One of the earliest scenes of the Autobiography of Malcolm X takes us to the Lansing, Mich., of 1929. Malcolm’s father, Earl Little, a Baptist minister derided as “uppity” for aspiring to own a store and live outside the city’s traditional black neighborhoods, shot a pistol one night at a pair of white men who’d apparently set the family’s home ablaze. In the following weeks, the police regularly searched the new Little residence, “looking for a gun.” The pistol, which officials refused to issue the minister a permit to legally carry, was eventually sewn into a pillow.
The scene is a powerful reminder of why for much of American history, it was necessary for blacks to fight for the right to bear arms, often to protect our very existence.
The tricky relationship between blacks and guns is on the brain in part because of the response to the tragic case of Trayvon Martin, the unarmed 17-year-old high school junior fatally shot in late February by George Zimmerman, a volunteer neighborhood-watch patrolman who legally carried a weapon.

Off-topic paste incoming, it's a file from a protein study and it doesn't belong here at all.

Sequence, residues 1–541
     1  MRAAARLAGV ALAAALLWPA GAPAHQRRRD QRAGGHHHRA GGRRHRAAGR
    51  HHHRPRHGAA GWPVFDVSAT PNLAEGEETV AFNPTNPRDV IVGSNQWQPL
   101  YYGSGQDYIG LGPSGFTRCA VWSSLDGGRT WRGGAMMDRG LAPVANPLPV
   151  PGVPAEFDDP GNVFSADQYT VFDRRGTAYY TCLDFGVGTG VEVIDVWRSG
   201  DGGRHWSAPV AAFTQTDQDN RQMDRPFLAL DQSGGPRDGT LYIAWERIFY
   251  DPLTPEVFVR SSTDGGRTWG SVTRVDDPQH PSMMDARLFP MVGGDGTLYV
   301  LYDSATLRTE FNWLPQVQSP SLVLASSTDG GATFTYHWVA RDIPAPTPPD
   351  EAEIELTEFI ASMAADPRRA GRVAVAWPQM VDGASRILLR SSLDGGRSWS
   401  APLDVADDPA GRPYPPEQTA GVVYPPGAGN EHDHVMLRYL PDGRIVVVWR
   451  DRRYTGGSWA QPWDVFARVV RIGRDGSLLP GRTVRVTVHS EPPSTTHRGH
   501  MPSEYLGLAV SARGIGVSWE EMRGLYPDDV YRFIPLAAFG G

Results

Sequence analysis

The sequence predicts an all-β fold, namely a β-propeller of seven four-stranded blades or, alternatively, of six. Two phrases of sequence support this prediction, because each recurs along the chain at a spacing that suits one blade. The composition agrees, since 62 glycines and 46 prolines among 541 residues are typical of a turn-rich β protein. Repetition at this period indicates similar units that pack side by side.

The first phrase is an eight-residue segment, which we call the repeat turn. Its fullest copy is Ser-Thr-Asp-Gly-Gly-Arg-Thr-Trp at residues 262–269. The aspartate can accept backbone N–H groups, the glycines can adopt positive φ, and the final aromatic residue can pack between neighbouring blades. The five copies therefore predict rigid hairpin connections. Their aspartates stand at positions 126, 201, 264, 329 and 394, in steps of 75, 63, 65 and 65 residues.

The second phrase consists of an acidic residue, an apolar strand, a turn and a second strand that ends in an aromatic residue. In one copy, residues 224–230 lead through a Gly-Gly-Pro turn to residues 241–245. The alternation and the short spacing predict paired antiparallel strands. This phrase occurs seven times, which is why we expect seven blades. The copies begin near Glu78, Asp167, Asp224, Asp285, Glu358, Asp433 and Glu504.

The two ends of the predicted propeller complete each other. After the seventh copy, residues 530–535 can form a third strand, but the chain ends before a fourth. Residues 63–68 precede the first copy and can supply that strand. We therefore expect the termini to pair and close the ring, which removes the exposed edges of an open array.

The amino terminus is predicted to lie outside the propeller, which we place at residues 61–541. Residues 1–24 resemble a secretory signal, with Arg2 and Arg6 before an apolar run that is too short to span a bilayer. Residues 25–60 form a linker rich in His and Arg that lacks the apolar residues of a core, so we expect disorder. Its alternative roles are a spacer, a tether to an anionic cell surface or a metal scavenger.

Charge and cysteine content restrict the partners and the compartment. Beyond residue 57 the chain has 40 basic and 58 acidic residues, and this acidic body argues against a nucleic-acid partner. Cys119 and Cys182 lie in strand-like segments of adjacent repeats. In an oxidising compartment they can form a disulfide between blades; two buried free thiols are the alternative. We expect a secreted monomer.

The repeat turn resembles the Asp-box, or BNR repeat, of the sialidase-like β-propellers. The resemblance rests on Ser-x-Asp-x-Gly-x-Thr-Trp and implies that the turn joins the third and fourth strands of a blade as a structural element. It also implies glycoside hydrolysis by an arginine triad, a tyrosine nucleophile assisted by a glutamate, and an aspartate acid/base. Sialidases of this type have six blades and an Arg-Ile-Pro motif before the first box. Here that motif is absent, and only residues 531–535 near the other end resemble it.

A little more than a week ago I suggested that the Martin case should open a meaningful debate about the future of gun policy. The most striking responses to that column boiled down to this: History binds blacks to the gun-rights movement. “Remember your history,” one reader wrote me. So I started reading the history.
It’s easy to forget that the 17th-century French slave code, Le Code Noir, explicitly prohibited colonial slaves from bearing weapons — except with their master’s permission to hunt on plantation grounds. Later, in 1776, the Founding Fathers clearly did not view blacks as citizens to be given the Constitution’s Second Amendment rights.
[Soldier image via Liljenquist Collection/Library of Congress]